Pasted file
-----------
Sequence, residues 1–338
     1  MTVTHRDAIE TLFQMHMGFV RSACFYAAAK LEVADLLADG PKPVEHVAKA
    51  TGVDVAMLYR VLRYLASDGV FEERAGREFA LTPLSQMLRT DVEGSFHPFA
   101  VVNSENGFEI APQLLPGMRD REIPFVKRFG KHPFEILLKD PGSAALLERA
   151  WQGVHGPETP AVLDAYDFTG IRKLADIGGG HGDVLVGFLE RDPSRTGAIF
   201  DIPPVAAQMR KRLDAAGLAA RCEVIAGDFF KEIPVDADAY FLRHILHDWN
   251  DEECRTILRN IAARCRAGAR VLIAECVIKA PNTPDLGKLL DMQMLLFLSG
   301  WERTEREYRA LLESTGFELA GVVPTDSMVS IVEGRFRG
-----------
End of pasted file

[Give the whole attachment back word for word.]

Sequence, residues 1–338
     1  MTVTHRDAIE TLFQMHMGFV RSACFYAAAK LEVADLLADG PKPVEHVAKA
    51  TGVDVAMLYR VLRYLASDGV FEERAGREFA LTPLSQMLRT DVEGSFHPFA
   101  VVNSENGFEI APQLLPGMRD REIPFVKRFG KHPFEILLKD PGSAALLERA
   151  WQGVHGPETP AVLDAYDFTG IRKLADIGGG HGDVLVGFLE RDPSRTGAIF
   201  DIPPVAAQMR KRLDAAGLAA RCEVIAGDFF KEIPVDADAY FLRHILHDWN
   251  DEECRTILRN IAARCRAGAR VLIAECVIKA PNTPDLGKLL DMQMLLFLSG
   301  WERTEREYRA LLESTGFELA GVVPTDSMVS IVEGRFRG